There are two charts this morning -- both on the updated employment situation and both from the Bureau of Labor Statistics. First, the unemployment rate increased to 9.5%:

unemployment rate.png
The second (and more worrying) chart is the month-over-month change in employment, which declined by 467,000. Stating the obvious: That's bad, and substantially worse than May.

month over month employment.png
David Leonhardt has more details. For the full BLS release see here (PDF).

UPDATE: Over at Atlantic Business, Daniel Indiviglio writes that the unemployment rate disguises some of the true cost here. That's exactly right. To be counted as unemployed you must be part of the labor force, and to be part of the labor force you must be looking for a job. (Welcome to the definitional funhouse: Workers that are not employed but not looking for employment are not counted as unemployed.)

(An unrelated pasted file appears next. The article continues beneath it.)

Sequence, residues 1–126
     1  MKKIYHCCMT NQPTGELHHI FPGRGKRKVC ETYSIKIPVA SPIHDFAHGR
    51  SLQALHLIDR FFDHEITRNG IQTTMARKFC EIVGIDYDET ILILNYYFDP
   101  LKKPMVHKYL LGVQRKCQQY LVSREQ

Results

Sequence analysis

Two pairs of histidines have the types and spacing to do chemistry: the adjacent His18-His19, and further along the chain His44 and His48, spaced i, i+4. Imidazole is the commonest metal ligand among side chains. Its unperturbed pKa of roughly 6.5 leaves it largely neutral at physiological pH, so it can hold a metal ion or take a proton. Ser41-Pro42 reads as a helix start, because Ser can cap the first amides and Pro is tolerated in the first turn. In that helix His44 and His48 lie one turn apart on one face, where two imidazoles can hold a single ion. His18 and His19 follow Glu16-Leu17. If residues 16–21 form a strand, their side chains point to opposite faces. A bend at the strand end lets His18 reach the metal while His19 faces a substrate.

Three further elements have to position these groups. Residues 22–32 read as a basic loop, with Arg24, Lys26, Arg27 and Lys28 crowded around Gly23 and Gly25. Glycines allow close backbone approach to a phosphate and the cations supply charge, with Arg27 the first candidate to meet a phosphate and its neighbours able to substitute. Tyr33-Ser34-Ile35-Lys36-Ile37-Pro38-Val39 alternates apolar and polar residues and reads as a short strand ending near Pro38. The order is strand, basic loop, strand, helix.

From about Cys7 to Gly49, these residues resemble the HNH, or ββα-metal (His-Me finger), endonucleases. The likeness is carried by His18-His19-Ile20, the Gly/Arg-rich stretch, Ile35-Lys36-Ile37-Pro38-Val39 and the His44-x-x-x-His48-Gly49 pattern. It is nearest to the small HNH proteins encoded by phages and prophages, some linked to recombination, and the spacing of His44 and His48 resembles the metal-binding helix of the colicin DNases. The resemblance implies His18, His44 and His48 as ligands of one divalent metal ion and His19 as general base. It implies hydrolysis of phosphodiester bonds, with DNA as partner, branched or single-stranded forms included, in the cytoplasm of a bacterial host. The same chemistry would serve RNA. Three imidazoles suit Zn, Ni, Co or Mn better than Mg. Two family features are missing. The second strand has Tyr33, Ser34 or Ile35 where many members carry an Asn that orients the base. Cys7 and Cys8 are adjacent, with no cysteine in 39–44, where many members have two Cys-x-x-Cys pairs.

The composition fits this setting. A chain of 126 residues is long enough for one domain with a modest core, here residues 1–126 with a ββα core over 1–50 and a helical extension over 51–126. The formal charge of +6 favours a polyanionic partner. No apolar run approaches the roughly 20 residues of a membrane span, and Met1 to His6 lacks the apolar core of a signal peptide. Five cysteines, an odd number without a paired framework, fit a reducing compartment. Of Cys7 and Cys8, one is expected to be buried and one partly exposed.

I would further note that this is why the second of the two charts above is the more worrying. Part of the reason the unemployment rate increased at a faster pace in May than in June (even though May's decline in employment was not as drastic) is because a lot of workers dropped out of the labor force in June. Again, stating the obvious, this is bad.